It was 1992, and baseball card fever had taken hold on me and my friends. Now, granted, I wasn’t spending as much on my cards as my friends; after all, I was a burgeoning music lover whose tastes were erased and rewritten by Nirvana, but I was doing just fine for myself, with an occasional “donation” from my parents. As a matter of aesthetics, I had begun to eschew the crappy card stock of Topps, Donruss, and Fleer in favor of the headier atmosphere of Leaf, Score, and Upper Deck in 1991. In my mind, there really was no comparison, even if I was paying more for the packs. I can see now the slippery slope that began in 1988 with the Score issue and how it rolled into this obsession of mine.
You see, I’ve always had this desire to have the “definitive version” of something. Rather than amassing many versions of things, I want to buy something once, and am willing to pay a premium to get the “best” thing. This particular weakness manifests in DVDs, but it also crept into my card collecting. I didn’t just need a bunch of Griffey rookies, I needed one 1989 Upper Deck. I didn’t need a bunch of Frank Thomas rookies, I just needed the 1990 Leaf. And so on.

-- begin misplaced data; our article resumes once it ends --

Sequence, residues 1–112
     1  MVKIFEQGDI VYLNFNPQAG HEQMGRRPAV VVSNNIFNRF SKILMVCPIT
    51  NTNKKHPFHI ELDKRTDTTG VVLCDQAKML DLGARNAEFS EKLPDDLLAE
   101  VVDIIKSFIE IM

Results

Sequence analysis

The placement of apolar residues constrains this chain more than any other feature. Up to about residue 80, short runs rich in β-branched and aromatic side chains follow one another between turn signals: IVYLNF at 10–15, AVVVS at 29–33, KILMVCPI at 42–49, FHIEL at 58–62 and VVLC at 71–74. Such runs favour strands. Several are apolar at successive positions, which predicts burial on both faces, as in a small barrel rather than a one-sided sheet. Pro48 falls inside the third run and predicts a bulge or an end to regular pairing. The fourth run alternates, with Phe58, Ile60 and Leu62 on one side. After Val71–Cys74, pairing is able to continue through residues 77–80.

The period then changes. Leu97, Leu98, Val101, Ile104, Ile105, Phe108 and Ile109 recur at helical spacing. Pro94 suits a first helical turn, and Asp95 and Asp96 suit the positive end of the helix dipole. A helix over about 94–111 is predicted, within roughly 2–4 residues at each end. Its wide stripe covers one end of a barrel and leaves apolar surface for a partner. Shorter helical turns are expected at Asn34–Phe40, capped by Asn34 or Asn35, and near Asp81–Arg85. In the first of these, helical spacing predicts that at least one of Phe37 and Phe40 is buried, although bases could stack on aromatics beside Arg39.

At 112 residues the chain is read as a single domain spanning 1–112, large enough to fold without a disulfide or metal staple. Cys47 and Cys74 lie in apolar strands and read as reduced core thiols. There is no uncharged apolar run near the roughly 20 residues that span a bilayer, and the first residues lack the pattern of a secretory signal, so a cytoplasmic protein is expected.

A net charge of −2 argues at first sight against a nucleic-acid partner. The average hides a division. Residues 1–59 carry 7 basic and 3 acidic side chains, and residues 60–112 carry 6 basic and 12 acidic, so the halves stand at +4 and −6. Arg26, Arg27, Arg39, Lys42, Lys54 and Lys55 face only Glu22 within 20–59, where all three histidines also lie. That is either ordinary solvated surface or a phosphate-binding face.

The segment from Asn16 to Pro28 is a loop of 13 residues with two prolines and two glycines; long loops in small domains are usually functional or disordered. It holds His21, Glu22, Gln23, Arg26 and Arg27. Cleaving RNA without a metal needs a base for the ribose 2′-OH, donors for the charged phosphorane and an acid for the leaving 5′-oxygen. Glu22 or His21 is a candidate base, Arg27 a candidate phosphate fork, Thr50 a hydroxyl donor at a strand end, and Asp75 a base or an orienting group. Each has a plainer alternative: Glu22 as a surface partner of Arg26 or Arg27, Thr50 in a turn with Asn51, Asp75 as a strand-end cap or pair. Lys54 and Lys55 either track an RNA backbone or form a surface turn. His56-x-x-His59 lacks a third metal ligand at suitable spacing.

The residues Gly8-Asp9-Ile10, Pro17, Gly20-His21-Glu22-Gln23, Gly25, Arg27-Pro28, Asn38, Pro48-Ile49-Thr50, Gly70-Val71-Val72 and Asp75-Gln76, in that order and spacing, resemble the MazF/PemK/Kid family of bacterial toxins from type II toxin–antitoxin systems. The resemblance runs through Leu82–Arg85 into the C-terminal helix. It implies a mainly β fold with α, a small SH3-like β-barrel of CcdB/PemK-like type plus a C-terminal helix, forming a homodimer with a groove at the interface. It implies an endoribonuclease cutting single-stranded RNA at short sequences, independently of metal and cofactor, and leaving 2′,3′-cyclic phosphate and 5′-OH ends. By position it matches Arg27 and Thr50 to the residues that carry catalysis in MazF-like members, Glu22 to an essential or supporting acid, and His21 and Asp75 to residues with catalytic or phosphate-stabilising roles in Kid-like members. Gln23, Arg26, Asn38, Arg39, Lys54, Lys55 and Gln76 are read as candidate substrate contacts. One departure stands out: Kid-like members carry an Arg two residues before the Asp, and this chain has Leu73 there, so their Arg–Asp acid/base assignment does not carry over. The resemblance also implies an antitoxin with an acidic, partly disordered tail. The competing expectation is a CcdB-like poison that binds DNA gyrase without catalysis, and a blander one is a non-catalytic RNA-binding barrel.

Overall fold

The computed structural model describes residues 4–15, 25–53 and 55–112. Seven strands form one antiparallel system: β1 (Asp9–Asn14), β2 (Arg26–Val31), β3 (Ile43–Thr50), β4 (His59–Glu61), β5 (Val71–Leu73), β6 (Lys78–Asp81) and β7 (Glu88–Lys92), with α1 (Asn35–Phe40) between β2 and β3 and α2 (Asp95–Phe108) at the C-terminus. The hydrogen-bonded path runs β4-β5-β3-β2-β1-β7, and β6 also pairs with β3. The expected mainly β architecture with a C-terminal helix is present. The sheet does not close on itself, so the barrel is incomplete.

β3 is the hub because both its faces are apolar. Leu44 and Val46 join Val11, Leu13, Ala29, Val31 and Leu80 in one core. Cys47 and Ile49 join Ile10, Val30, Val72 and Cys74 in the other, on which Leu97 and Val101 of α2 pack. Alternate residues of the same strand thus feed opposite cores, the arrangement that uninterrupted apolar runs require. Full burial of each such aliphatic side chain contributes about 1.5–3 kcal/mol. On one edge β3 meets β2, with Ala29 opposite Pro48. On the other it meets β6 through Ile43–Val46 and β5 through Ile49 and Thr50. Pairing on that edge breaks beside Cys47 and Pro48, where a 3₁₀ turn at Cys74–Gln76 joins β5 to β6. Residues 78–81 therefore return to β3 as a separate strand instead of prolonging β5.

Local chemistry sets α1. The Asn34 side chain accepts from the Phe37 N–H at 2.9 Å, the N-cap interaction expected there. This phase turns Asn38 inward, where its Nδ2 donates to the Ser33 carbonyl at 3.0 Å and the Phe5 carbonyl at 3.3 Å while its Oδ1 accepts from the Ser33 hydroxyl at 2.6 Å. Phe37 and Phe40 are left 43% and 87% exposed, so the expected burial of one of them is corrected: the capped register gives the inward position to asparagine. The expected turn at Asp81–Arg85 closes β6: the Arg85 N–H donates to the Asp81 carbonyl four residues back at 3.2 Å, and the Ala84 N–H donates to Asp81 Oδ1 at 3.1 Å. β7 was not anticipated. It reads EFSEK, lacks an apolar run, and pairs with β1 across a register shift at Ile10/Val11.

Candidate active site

So when I saw the shiny foil packaging of 1992 Donruss I was pretty skeptical: was this an attempt to pretty up a lame product?
No, I was pleasantly surprised; the 1992 Donruss set featured excellent photography, good thick card stock, and an informative back. I decided I had to put the set together.
I never did succeed, but I remember distinctly having the Vander Wal card and thinking that it was a pretty lame Rated Rookie in a sea of better Rated Rookies (for the time): Todd Van Poppel, Dave Nilsson, D.J. Dozier, Jim Thome, John Jaha, Dan Wilson, and Lance Dickson.
Funny how prospects work out, huh?